I’ve been using C# .Net and WPF for a few months now on a projet with two other collegues from Valtech. I have to say that besides minor things, I now tend to prefer C# 3.5 language to Java. Linq is very powerful, extension methods are a must, lambda expressions are of great value…
However, I wouldn’t be so enthousiastic with WPF. It’s quite nice for simple things. But when you want to do medium complexity, it’s not so fun. Documentation is not good, performance is not good, Xaml can become more complex to read/write than C# (a non-xml based DSL would help).
Latest problem is the lack of free nice looking themes for WPF. I googled quite a lot and couldn’t find any. The ones I found are all very expensive. This is the last major weakness of .Net : the whole ecosystem is $-oriented.
In Agile, there’s a never ending debate between the “Keep track of your estimates, compare them to actuals, use the deviaiton to improve your future estimates” family and the “DON’T track actuals” family.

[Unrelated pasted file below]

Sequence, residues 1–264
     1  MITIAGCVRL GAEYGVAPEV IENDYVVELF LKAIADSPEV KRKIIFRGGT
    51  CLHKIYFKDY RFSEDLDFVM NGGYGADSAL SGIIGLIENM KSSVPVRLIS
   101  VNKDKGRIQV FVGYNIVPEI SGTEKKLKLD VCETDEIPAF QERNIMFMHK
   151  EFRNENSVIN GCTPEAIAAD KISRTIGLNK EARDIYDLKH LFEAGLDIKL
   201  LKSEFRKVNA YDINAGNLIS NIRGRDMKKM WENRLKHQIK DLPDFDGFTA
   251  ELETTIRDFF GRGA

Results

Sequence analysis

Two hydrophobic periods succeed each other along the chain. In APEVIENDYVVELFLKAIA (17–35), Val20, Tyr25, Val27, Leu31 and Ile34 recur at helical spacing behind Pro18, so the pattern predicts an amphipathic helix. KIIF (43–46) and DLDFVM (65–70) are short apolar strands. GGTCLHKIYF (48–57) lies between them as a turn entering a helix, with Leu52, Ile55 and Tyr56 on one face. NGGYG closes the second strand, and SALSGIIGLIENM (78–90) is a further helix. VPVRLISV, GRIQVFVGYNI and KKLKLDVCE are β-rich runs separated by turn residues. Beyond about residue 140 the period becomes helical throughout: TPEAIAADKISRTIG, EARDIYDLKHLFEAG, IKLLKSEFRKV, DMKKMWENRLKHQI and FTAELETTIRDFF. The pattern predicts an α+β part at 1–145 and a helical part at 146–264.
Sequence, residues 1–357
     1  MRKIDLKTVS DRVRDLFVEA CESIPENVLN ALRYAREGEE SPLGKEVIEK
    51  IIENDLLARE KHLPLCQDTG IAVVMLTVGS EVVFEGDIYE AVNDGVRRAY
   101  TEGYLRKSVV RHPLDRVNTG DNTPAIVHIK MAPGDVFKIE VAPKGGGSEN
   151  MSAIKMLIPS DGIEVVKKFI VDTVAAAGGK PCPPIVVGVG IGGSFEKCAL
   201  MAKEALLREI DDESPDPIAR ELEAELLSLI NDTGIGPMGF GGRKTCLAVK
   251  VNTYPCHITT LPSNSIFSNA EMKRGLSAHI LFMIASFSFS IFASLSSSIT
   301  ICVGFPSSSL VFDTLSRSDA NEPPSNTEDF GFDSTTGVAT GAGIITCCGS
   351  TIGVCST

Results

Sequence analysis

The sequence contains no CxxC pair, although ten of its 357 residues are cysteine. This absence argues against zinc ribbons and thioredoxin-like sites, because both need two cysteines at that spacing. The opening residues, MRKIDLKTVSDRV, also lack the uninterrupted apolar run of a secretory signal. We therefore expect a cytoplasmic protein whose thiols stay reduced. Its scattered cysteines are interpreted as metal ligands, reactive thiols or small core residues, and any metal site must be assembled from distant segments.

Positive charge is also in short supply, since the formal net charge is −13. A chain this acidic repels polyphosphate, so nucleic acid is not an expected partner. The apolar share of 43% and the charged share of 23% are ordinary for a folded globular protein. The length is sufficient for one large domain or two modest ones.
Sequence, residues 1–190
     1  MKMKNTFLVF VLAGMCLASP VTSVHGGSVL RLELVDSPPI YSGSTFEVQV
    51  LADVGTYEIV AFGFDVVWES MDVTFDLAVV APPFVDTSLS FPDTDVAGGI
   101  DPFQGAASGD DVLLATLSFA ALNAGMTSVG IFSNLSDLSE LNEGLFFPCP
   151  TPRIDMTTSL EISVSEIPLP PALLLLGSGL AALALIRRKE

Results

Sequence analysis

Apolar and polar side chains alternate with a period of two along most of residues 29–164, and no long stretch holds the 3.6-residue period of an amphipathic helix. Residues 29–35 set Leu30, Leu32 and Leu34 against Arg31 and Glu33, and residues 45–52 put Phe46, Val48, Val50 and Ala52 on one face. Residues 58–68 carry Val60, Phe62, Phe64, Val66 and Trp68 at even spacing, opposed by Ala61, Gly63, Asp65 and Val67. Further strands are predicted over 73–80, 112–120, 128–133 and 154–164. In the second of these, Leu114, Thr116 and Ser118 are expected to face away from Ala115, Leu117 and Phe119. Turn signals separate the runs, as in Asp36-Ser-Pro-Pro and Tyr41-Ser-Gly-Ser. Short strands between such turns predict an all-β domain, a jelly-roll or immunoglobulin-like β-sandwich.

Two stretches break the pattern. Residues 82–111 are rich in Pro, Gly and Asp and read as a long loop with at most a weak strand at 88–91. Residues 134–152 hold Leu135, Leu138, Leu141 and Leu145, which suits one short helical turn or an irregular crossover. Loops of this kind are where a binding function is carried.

I’m feel much more in the “don’t do it” family, however, as a coach or Scrum Master, my approach is :
“Do what you feel is the right thing. If you choose to keep track of the actual vs original estimates, do it well. If after a few iterations, I realize that you don’t use this data to improve the estimates, I’ll remind you to at least try. Then you’ll tell me if this improved anything and is worth the time spent.”
60% of the teams decide not to track the actuals, 20% don’t track the actuals in a usable way, 19% don’t use actuals during the planning meeting, 1% find it useful.
What is your experience ?
Yesterday, Sfeir organized a GWT evening at “La Cantine“. It was a nice event with twelve interesting topics.
In my previous post, I compared Guice and Spring JavaConfig. The conclusion is that, for my application, Spring is much easier to use and less verbose. However, the major force of Guice I didn’t talk about is it’s ability to inject Singletons into large applications in a very (very) effective way.
Today, I’ve had the opportunity to test Guice on a real project. I must say that the developers really pushed the idea of statically typed IoC very far.